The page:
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Terri Kirby Erickson – Poem

Oak Tree

Leaning over a farmhouse where the same
Family has lived for generations,
Stands an old oak tree: leaves flapping

Harder than wind-blown housecoats hung
On a clothesline—roots rummaging
Under the porch for a comfortable pair

Of shoes. It spends the days basking
In sunlight, or catching raindrops in each
Green palm. In winter, its bare limbs tap, tap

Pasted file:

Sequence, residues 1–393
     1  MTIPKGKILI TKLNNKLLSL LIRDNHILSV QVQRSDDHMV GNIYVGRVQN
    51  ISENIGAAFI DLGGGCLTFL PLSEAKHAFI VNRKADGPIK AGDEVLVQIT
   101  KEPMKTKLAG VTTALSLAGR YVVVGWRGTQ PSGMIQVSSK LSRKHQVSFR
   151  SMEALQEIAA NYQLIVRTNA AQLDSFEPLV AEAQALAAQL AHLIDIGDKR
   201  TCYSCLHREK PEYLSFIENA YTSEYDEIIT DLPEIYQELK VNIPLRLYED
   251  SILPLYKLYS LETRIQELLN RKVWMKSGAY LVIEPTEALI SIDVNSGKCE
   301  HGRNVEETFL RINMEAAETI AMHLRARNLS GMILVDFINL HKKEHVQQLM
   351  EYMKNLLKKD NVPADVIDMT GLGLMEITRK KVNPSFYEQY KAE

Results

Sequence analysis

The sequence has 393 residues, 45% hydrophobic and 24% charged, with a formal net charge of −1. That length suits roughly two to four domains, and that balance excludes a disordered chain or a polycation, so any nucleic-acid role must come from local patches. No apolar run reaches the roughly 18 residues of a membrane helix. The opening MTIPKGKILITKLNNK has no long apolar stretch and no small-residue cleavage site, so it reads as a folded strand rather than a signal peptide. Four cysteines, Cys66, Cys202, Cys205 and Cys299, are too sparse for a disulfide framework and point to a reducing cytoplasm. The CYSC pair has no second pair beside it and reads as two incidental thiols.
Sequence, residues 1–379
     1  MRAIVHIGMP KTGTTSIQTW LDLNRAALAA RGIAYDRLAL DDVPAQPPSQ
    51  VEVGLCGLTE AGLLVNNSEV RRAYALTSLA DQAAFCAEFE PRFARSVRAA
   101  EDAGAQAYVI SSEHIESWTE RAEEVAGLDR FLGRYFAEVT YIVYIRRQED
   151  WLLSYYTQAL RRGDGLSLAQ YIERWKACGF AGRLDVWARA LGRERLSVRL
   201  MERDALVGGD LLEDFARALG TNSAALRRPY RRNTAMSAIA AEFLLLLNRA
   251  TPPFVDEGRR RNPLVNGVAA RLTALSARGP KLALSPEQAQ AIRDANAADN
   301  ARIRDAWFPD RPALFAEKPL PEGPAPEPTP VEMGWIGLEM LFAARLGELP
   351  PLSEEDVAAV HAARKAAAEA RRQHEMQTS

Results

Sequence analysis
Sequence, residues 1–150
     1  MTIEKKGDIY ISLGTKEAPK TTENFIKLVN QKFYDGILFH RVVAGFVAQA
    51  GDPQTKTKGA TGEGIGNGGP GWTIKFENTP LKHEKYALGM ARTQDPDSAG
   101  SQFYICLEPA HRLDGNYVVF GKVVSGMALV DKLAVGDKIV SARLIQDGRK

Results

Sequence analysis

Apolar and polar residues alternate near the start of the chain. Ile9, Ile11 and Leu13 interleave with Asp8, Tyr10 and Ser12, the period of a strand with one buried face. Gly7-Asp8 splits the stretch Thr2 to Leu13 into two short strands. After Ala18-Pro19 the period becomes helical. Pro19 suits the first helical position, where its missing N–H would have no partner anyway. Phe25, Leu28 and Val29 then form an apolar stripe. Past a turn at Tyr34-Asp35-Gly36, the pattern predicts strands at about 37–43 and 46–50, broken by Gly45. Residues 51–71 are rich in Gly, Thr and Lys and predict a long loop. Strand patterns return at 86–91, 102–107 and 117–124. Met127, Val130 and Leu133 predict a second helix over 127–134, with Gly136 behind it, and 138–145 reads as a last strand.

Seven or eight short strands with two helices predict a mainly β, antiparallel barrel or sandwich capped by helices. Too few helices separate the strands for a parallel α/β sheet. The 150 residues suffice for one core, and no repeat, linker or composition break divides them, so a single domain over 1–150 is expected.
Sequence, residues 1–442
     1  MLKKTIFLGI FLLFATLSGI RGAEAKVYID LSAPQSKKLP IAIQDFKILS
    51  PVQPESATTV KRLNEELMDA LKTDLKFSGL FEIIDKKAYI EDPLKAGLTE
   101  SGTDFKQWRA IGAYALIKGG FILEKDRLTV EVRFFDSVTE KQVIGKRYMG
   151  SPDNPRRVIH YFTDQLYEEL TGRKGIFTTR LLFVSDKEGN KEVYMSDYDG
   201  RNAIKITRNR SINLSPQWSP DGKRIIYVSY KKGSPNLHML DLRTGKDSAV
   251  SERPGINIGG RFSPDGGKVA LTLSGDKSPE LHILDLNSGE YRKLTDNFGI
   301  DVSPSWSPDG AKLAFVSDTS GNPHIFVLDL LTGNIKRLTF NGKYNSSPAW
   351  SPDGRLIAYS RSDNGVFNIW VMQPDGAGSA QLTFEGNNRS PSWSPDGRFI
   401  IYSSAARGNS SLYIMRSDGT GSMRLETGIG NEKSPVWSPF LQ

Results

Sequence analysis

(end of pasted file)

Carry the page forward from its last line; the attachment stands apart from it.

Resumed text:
Against the darkening sky as it waits
Impatiently for snow—its boughs like empty
Cradles, rocking. It beckons men

And women from the fields in the evenings,
With branches waving like their mothers used
to do when it was time for supper. And

It comforts them to know that year after year,
This ancient oak keeps watch outside their
Little farmhouse, its arms spread wide

Over their comings and goings, their weddings
And funerals, births and baptisms, firmly
Anchored in the hallowed ground of home.


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Southern Fiction, Poetry, Essays & More Since 1995
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